Breast surgery fellow: Why my coronavirus diagnosis led me to donate plasma
Lyndsey Kilgore, M.D.
As a mom, fellow in breast cancer surgery and a former general surgery resident, I’m used to handling tough situations. But this past March, I found myself completely overwhelmed when my entire family was diagnosed with the novel coronavirus (COVID-19).
I wanted to do my breast cancer surgery fellowship at MD Anderson not only because it’s the nation’s No. 1 cancer center, but also because the people here genuinely care about each other. During my illness with COVID-19, I experienced that compassion firsthand. My colleagues were more caring than I could ever have imagined. They even supported me after I recovered, when I donated plasma that may be used to treat critically ill COVID-19 patients.
My COVID-19 symptoms and illness
I developed a fever at home and tested positive for COVID-19 on March 16. My husband, Steven, developed COVID-19 symptoms at the same time and had to be hospitalized a few days later because his respiratory symptoms were so severe. That meant I was home alone with two toddlers, as I was trying to fight the coronavirus and feeling miserable.
I had fever, chills, fatigue, cough, a headache and temporarily lost my senses of smell and taste. I was literally the sickest I’ve ever been in my entire life -- and I had to take care of Declan and Aidan. They’re 3 years old and 22 months, so they can be quite the handful. Both kids also had low-grade fevers and were presumed positive for COVID-19.
Support from my MD Anderson family
When you're a mom and a surgeon, you learn to pull it together, tough it out and do what you've got to do. But this was something I’d never faced before, especially without my husband, my rock, by my side.
My MD Anderson Breast Surgical Oncology family rallied together and helped me out in any way they possibly could. They dropped off meals, left presents at the door to keep my kids entertained, and people constantly checked in on me -- all while safely practicing social distancing, of course. Some of MD Anderson’s top surgeons even called the hospital where Steven had been admitted to check in on him, too.
It wasn’t just my closest friends or the people I would expect to help either. The entire MD Anderson community really proved how exceptional this place is, and I’m so grateful. Their support helped me get through the most difficult weeks of my life. Thankfully, my entire family is now recovered.
MD Anderson took extra COVID-19 precautions
I contacted MD Anderson’s Employee Health team when I began having symptoms. Based on my screening results, they directed me to a free testing site for MD Anderson employees and continued to check in with me regularly. I was one of the first people at MD Anderson to test positive for COVID-19, which is part of what made my experience so scary.
But MD Anderson was quick to step in and take extra precautions above and beyond the Centers for Disease Control and Prevention guidelines in order to protect our patients and to protect employees like me. I wasn’t surprised because MD Anderson has been on the forefront of the coronavirus pandemic, taking precautions as early as January to protect our patients and workforce.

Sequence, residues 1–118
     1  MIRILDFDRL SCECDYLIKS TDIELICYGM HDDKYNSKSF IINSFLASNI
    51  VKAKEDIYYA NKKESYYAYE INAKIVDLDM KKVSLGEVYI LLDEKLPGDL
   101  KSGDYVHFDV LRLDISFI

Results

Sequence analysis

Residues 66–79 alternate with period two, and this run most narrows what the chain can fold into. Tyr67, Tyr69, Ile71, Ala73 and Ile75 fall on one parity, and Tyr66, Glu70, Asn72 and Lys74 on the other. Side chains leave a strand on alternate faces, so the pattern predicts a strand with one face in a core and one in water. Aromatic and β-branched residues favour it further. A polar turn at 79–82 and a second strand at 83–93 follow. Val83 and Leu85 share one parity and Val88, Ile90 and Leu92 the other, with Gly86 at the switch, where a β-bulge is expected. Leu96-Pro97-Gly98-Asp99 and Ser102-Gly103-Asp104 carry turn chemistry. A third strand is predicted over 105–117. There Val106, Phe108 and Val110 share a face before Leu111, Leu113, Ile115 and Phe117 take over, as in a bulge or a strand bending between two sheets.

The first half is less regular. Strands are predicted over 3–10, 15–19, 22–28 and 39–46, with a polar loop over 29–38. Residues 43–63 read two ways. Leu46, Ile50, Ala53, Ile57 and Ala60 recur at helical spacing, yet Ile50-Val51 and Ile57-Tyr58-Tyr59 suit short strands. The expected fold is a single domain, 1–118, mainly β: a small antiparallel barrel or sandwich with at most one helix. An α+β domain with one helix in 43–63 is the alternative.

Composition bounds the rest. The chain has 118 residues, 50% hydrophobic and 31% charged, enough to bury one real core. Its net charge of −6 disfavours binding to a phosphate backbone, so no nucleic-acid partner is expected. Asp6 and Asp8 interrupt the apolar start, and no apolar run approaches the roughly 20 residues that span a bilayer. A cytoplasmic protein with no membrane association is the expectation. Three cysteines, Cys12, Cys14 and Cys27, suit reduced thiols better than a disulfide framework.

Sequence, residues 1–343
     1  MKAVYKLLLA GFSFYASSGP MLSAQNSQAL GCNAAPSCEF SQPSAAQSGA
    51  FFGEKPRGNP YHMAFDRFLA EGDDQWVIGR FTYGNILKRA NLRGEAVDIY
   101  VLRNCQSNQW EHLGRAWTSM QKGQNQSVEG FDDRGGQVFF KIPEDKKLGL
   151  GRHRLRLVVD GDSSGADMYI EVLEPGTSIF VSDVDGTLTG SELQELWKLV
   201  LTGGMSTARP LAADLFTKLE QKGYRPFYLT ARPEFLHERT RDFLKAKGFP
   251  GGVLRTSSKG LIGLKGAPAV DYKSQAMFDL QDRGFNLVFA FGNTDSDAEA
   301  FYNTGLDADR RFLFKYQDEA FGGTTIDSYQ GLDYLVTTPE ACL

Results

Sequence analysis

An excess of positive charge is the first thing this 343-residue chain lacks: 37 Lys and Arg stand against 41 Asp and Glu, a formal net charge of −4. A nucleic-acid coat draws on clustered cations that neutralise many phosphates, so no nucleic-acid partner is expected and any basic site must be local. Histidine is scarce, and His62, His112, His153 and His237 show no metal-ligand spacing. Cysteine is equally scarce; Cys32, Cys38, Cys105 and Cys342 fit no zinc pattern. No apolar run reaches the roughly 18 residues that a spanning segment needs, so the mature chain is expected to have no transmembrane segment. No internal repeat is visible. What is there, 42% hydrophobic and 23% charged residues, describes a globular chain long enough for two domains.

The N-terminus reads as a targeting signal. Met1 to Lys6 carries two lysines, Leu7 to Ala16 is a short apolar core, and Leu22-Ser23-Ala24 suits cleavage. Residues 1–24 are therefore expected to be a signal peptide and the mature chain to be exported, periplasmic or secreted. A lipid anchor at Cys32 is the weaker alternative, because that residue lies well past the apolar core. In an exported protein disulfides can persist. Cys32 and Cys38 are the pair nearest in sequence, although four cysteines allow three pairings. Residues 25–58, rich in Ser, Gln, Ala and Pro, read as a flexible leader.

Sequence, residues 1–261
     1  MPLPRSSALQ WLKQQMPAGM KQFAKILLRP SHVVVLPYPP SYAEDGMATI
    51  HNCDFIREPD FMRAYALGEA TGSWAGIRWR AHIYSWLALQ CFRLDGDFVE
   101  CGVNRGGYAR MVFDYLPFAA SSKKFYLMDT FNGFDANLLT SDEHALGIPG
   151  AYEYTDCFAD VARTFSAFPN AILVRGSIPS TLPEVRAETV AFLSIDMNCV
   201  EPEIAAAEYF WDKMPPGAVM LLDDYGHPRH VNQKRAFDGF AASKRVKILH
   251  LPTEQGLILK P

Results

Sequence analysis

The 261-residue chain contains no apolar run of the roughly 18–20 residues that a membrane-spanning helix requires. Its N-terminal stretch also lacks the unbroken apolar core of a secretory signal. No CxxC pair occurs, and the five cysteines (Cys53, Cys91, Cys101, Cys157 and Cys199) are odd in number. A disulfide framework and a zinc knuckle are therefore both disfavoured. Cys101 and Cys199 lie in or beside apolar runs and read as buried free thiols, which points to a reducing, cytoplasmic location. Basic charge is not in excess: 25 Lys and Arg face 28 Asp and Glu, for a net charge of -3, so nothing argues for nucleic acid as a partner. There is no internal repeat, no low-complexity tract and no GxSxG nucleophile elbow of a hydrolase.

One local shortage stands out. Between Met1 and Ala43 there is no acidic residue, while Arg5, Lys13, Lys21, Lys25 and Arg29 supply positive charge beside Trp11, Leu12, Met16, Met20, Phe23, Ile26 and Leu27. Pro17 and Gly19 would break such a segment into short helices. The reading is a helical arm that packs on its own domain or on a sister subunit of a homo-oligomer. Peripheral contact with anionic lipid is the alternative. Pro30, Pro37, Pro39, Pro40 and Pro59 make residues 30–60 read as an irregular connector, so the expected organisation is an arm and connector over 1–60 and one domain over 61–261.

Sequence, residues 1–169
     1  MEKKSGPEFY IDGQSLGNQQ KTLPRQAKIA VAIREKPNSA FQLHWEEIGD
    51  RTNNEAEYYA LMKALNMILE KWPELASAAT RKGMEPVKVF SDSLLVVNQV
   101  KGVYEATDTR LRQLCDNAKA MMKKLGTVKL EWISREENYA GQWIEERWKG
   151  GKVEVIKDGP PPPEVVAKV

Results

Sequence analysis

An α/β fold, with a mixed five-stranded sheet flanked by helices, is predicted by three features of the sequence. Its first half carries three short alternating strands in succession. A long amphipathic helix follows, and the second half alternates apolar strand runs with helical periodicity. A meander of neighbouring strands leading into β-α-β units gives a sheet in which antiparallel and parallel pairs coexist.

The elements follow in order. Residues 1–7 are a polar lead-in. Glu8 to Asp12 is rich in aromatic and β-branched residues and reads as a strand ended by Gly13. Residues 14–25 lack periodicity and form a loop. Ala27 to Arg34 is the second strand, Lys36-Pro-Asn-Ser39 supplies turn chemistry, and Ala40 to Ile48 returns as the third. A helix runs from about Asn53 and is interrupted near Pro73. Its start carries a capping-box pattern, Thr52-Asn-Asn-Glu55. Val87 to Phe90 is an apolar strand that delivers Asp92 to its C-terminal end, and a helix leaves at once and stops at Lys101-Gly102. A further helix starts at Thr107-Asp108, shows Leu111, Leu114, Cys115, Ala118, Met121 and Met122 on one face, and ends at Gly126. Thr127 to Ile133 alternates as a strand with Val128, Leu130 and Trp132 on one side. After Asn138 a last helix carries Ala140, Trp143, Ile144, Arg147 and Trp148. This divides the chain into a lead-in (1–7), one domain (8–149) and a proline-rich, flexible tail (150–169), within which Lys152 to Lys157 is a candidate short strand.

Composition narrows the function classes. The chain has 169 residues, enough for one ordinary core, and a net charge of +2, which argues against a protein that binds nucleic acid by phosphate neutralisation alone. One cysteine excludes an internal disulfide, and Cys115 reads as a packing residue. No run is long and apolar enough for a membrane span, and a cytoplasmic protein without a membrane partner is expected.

My convalescent plasma donation for COVID-19 patients
As soon as I was cleared to go back to work, I reached out to MD Anderson Blood Bank about donating plasma. I knew that people who are infected by SARS-CoV-2, the virus that causes COVID-19, develop antibodies to the virus as part of their body’s defense. Once they have recovered, those antibodies remain in their plasma. The thought is that those antibodies could help stimulate a stronger immune response in those fighting the virus. MD Anderson is participating in a national FDA expanded access initiative led by the Mayo Clinic to provide plasma from recovered patients to patients currently facing the disease, and I wanted to do my part.
I’m afraid of needles, so when I told my family I was planning to donate plasma, my husband and mother were shocked. But after so many people went out of their way to help me, I knew I wanted to return the favor and go out of my way to help others.
Because of that fear, I’d never donated blood before, but I wanted to be part of this national initiative led by the Mayo Clinic to provide plasma from recovered patients to seriously ill COVID-19 patients. Last week, I made my first convalescent plasma donation, making me the second person to do so at MD Anderson. I was glad to know that Dr. George Chang, another surgeon, was the first.
The MD Anderson Blood Bank was wonderful with working around my hectic schedule to find a time for me to donate. Dr. Brittany Murphy, another breast surgery fellow, even popped into the Blood Bank to support me during my donation – from a safe distance. When I finished donating, I was so happy and proud to have the opportunity to help others who are facing COVID-19.
Focused on patients, no matter what COVID-19 brings
I could never have predicted this is how my training would go when I began my fellowship year at MD Anderson. The institution’s response to the novel coronavirus has affected the way that we train and operate. It’s taught me unexpected lessons about how to adapt, be flexible, be efficient and have patience. It’s also reminded me to be grateful for friends and family, especially my husband, who’s truly a Super Dad.
As I’m helping my breast cancer patients through this hectic time, I’m reminded why I wanted to become a breast cancer surgeon: it requires caring for the whole patient. We help breast cancer patients through one of the most difficult times in their lives. Even though things are scarier than usual for our cancer patients right now, I’m committed to helping them through cancer no matter what COVID-19 throws our way.